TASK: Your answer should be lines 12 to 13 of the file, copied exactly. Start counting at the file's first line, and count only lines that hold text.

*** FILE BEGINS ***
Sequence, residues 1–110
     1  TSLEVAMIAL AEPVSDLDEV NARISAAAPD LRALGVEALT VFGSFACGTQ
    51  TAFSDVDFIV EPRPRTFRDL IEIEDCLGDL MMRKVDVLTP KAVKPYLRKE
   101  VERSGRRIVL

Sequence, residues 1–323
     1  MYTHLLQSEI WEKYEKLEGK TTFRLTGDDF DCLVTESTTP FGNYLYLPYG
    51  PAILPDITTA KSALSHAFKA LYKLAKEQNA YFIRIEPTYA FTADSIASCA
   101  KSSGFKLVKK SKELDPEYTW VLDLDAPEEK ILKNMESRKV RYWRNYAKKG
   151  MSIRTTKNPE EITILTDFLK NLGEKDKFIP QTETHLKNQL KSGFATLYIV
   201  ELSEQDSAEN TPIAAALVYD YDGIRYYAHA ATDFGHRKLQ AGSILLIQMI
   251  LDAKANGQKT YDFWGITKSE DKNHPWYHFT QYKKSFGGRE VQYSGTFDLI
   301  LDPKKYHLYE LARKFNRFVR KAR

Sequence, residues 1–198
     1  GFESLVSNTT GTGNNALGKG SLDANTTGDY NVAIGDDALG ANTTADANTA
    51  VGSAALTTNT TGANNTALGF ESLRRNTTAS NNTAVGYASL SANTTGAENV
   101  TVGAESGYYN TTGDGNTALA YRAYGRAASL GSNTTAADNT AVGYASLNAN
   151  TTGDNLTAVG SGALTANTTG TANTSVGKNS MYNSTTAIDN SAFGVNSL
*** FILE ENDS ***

   301  LDPKKYHLYE LARKFNRFVR KAR

Sequence, residues 1–198